The usual suspects are at it again, and I’m not talking about isolated, mentally ill young men. I’m talking about the politically motivated talking heads who don’t even wait until bodies are cold after tragic mass shootings to spout off about the need for red flag laws, “assault weapons” bans, and “universal background checks” because — you’ve heard this one before — “Why are we willing to live with this carnage?”
After the mass shooting in a wealthy Chicago suburb over the holiday weekend that left seven dead and dozens more wounded in one of the most gun-controlled areas of one of the most gun-controlled states in the country, local State’s Attorney Eric Rinehart did exactly that. He touted the state’s “strong” red flag law and insisted on the need to “ban assault weapons in Illinois and beyond.” Vice President Kamala Harris likewise made an unscheduled visit to the community to call for more gun control, however incoherently. And the typical Twitter blue checks all had something to say.
Meanwhile, as the armchair class prattles on about how our first freedoms are an existential threat, the face and name of the 21-year-old alleged shooter are plastered all over every news channel as he sits remorseless in jail facing a slew of charges that will probably amount to life in prison at worst. The upper echelons of chattering politicos will accomplish nothing but celebritizing murderous cowards — but hey, anything to signal virtue, pick up a few progressive voters, and pad their pockets with a little extra donor cash.
You know how we know they aren’t accomplishing anything? Because the reforms Rinehart called for are both already on the books in Highland Park where the shooting occurred. Despite a local so-called assault weapons ban plus red flag laws and a state with some of the strictest gun-control laws in America, many people died. If the latest shooting taught us anything about guns, it’s that even tightly restricting them doesn’t deter killers.
It’s time for a new approach, and this case presents the perfect set of circumstances to justify it. The Highland Park shooter should be executed, and he should be executed quickly.
There would be nothing “just” about criminal justice if we dispensed with due process, but it’s not much more than a formality that we use the word “alleged” to describe this particular shooter. Not only have authorities confirmed that the male suspect dressed as a woman to conceal his identity, hide his face tattoos, and blend into the frantic crowd. Not only were these facts captured on video, with a witness apparently watching the suspect wrap his firearm in a red blanket before ditching it. Not only has he had multiple run-ins with local law enforcement that were ultimately relayed to state police in a report identifying him as a “clear and present danger,” plus an incident wherein police confiscated 16 knives, a dagger, and a sword from him after he threatened to “kill everyone” in his house.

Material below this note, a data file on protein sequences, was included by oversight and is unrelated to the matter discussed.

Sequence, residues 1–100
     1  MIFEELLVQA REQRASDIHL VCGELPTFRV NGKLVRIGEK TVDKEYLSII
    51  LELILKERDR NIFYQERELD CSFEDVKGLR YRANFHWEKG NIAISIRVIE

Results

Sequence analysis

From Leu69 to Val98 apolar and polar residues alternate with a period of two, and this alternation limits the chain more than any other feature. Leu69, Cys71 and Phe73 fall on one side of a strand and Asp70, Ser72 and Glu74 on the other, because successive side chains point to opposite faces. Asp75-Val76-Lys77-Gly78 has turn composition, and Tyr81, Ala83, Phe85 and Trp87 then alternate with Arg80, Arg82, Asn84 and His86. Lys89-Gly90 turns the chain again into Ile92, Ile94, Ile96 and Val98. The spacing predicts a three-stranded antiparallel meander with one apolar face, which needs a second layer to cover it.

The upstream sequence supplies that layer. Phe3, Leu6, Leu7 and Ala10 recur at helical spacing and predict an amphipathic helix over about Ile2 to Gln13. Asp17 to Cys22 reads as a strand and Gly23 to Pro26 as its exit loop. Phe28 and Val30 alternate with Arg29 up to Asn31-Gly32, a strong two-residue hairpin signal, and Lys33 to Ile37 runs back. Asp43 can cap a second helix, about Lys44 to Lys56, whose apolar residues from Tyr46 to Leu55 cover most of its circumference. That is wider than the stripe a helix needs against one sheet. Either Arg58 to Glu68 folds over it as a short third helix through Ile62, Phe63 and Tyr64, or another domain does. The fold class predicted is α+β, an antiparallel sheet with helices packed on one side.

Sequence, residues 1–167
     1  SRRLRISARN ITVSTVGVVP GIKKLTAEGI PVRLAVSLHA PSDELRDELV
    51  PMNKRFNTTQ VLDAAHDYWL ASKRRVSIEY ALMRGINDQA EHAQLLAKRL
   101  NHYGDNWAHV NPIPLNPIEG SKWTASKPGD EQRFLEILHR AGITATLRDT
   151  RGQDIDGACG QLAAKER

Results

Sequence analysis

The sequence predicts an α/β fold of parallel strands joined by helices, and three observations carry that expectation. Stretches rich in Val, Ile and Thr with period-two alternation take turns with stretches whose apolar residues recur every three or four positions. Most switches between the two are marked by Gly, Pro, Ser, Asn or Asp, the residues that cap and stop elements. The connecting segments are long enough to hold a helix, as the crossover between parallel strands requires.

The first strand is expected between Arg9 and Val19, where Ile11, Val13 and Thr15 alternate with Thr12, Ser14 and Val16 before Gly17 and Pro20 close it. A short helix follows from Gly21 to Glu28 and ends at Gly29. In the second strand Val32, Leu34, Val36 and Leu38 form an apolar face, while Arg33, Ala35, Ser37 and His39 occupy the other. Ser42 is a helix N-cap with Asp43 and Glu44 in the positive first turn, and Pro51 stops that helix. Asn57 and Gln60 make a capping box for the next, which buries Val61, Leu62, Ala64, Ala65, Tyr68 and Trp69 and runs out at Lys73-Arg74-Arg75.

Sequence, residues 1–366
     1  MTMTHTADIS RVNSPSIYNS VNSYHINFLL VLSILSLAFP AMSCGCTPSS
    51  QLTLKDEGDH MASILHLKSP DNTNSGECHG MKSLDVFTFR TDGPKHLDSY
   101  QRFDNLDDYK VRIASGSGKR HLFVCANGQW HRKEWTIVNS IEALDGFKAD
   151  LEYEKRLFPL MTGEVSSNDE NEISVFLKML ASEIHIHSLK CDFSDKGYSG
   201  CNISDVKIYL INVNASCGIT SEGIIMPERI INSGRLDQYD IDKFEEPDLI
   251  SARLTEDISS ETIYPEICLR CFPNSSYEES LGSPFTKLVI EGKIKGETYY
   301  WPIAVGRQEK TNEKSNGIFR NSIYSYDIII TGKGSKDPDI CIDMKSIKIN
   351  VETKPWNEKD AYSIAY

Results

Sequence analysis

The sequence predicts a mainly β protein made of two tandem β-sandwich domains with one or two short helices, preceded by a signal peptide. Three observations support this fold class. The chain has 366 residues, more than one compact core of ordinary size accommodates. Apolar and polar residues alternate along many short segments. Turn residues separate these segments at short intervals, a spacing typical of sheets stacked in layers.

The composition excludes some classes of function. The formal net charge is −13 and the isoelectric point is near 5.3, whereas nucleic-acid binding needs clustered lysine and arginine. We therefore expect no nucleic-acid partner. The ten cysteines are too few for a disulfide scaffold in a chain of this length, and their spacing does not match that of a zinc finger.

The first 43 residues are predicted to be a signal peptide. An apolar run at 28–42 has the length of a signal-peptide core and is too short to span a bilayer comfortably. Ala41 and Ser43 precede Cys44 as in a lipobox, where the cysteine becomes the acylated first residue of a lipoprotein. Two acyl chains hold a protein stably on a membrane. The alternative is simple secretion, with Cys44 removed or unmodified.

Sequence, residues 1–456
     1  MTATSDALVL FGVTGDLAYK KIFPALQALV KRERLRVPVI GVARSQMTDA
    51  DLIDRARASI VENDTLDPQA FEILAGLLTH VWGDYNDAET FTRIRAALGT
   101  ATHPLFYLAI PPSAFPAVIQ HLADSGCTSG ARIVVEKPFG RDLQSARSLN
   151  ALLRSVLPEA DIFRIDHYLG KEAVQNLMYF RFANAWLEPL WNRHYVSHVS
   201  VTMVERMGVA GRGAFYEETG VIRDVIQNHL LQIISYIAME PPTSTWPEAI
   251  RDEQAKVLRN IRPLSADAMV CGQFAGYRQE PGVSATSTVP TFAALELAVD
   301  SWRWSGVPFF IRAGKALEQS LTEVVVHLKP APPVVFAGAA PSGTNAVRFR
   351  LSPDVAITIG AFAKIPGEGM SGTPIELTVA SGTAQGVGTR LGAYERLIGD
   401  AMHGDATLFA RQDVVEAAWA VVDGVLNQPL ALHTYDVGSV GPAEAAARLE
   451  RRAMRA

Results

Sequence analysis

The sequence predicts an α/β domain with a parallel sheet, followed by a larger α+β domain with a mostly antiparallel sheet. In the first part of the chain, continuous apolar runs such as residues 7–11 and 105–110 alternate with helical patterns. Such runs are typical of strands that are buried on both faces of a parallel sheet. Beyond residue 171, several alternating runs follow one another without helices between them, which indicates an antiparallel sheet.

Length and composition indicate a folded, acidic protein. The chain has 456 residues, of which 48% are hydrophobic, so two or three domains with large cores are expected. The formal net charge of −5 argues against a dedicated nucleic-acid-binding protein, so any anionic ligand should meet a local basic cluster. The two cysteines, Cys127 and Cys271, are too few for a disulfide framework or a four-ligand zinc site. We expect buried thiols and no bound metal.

But he also already told police he’s the shooter. And if his confession of guilt weren’t enough, he also admitted that he almost attacked another July Fourth celebration in Madison, Wisconsin, but decided against it because he just hadn’t had enough time to plan out a murderous scheme.
There’s a more effective deterrent to this carnage than catapulting mass murderers into the limelight by detailing every step of their grisly crimes or featuring their faces on the cover of Rolling Stone. There’s a better way than making impassioned speeches about gun violence, but then helping to bail out violent rioters and advocating for low bail that enables offenders to violently mow down women and children with a vehicle. It’s time to be honest about the fact that bans on AR-15s and red flag laws, in addition to stomping out due process and being ripe for political weaponization, simply don’t work to deter crime. Illinois tried that experiment. It failed.
There are a handful of things that become apparent about deterrence, but here’s a pretty basic idea: Swiftness and certainty are more important than severity, as Cesare Beccaria argued way back in the mid-1700s. Of course, if punishment must be proportional for justice to truly be just, then execution is warranted in cases of mass murder, the perpetrators of which cannot die enough deaths to make up for the many they stole.
But it isn’t the mere execution of a known mass murderer that deters other disturbed individuals from shooting up jubilant innocents. The reality of taxpayer-funded eons on death row doesn’t appear to have any concrete deterrent effect, much like lengthy incarceration. But what about a visual representation of this chilling message: You will be caught, and you will be put to death — soon. Certainty and swiftness accomplished.
We’ve watched the inverse cycle play out before. A young man goes on a gruesome killing spree. Everyone learns his face and name during wall-to-wall coverage of his acts, including the alienated who get inspired to pursue their own moments of infamy. He’s charged with crimes, and politicians pounce for their own personal benefit. And then — nothing. The perpetrator gets whisked away to some facility to await trial for ungodly amounts of time, and that’s the last we hear of it. If we get any updates on his fate (which is intended to deter others but fails on account of its slowness and uncertainty), those are afforded a fraction of the attention by the media and are likely to be buried by coverage of the next catastrophe.
It’s time to end this cycle. If politicians are serious that they’re sick of “living with this carnage,” the Highland Park shooter should be tried and convicted on the basis of his confession and executed immediately. Perhaps instead of inspiring another coward to pick up a gun, it will inspire them to think again.